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Twins in art

"The Cholmondeley Ladies", 1600-10
“The Cholmondeley Ladies”, around 1600-10

The theme of twins emerges every now and then in various genres of visual arts. Depicting two, nearly identical and yet different characters leaves a big room for interpretation, it is also fascinating in terms of psychology – to such extent that in time, twins started to be associated with evil and demons.

First of all, let’s take a look in Tate Gallery. One of the most intriguing paintings from Tate collection is in my opinion the double portrait of Cholmondeley Ladies. No one knows who painted it or even who exactly the ladies were. It is known, however, thanks to a short inscription in the corner of the painting, that the two women were born on the same day, got married on the same day and even gave birth on the same date. Seemingly the two sisters and their babies are identical. But as we know, the devil is in the details: the woman on the left and her baby both have blue eyes, while the pair on the right has brown eyes. Small differences can also be noticed in dress patterns and jewelry worn by the two sisters.

Man Ray „Kiss” –  photography, 1930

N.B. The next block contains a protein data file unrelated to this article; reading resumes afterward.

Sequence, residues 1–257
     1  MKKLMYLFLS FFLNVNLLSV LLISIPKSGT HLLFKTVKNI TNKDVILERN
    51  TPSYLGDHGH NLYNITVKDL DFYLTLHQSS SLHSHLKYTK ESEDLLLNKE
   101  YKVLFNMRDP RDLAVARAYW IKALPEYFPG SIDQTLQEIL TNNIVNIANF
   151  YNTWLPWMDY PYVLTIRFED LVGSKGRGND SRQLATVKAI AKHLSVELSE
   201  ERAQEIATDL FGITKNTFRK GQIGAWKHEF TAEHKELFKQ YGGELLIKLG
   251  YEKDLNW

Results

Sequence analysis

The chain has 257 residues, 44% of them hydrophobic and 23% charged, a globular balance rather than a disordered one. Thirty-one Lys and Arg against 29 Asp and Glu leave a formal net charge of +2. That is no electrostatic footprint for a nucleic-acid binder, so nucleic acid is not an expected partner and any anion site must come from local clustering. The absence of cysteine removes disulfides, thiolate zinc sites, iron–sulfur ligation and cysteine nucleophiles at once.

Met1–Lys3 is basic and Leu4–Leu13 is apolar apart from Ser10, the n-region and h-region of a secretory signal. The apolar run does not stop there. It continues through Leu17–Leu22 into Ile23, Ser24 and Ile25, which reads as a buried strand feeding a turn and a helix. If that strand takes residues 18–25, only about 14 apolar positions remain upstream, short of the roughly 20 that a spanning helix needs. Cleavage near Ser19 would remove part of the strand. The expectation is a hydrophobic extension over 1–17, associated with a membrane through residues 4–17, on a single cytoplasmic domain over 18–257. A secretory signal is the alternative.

Man Ray „Kiss” – photography, 1930

Equally interesting example of female symmetry in art is a surrealistic photo from 1930, by Man Ray – the lead representative of European avant-garde of the 20s. There are a few versions of this enigmatic picture. The faces of both women are very close to each other, yet the viewer can feel the cold and distance between them. All models in Man Ray’s works are like dolls from a dream, instilled in theatrical poses, mysterious and fascinating – like true Femme Fatales.

Man Ray’s photography was most likely an inspiration in creating the most famous twins in the history of visual arts. Naturally, I mean Lisa and Louise Burns from Stanley Kubrick’s “The Shining”, which was a film adaptation of Stephen King’s novel of the same title. It is quite visible that the main element of the whole film’s construction is symmetry. In almost every scene there are frames making use of symmetry and mirror reflections. This can be clearly seen in the architecture of corridors, rooms, doors etc. Kubrick also makes use of numerous mirrors as an important decoration element. It is thanks to a reflection that the heroine reads the word redrum as murder. In the sphere of meaning, symmetry in Kubrick’s masterpiece symbolizes evil, split personality, schizophrenia and duality of human nature.

Scene from "The Shining" by Stanley Kubrick
Scene from “The Shining” by Stanley Kubrick
Cover for Jane's Addiction album and Jane's Addiction poster
Cover for Jane’s Addiction album and Jane’s Addiction poster